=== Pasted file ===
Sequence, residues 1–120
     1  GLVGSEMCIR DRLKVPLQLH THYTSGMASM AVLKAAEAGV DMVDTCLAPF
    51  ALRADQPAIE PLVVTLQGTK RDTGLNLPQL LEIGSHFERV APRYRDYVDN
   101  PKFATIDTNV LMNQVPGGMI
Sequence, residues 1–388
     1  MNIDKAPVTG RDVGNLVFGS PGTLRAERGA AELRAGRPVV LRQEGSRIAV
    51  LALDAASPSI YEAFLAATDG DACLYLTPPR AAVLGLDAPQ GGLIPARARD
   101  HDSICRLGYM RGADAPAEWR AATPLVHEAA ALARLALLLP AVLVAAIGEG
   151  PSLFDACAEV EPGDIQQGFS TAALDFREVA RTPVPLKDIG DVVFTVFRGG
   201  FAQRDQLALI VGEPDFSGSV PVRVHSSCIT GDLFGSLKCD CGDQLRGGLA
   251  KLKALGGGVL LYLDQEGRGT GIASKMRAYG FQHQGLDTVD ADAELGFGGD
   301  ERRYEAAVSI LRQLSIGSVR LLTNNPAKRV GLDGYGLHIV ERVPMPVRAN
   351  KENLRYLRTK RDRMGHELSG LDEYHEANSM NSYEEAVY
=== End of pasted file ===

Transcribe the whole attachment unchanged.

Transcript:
Sequence, residues 1–120
     1  GLVGSEMCIR DRLKVPLQLH THYTSGMASM AVLKAAEAGV DMVDTCLAPF
    51  ALRADQPAIE PLVVTLQGTK RDTGLNLPQL LEIGSHFERV APRYRDYVDN
   101  PKFATIDTNV LMNQVPGGMI
Sequence, residues 1–388
     1  MNIDKAPVTG RDVGNLVFGS PGTLRAERGA AELRAGRPVV LRQEGSRIAV
    51  LALDAASPSI YEAFLAATDG DACLYLTPPR AAVLGLDAPQ GGLIPARARD
   101  HDSICRLGYM RGADAPAEWR AATPLVHEAA ALARLALLLP AVLVAAIGEG
   151  PSLFDACAEV EPGDIQQGFS TAALDFREVA RTPVPLKDIG DVVFTVFRGG
   201  FAQRDQLALI VGEPDFSGSV PVRVHSSCIT GDLFGSLKCD CGDQLRGGLA
   251  KLKALGGGVL LYLDQEGRGT GIASKMRAYG FQHQGLDTVD ADAELGFGGD
   301  ERRYEAAVSI LRQLSIGSVR LLTNNPAKRV GLDGYGLHIV ERVPMPVRAN
   351  KENLRYLRTK RDRMGHELSG LDEYHEANSM NSYEEAVY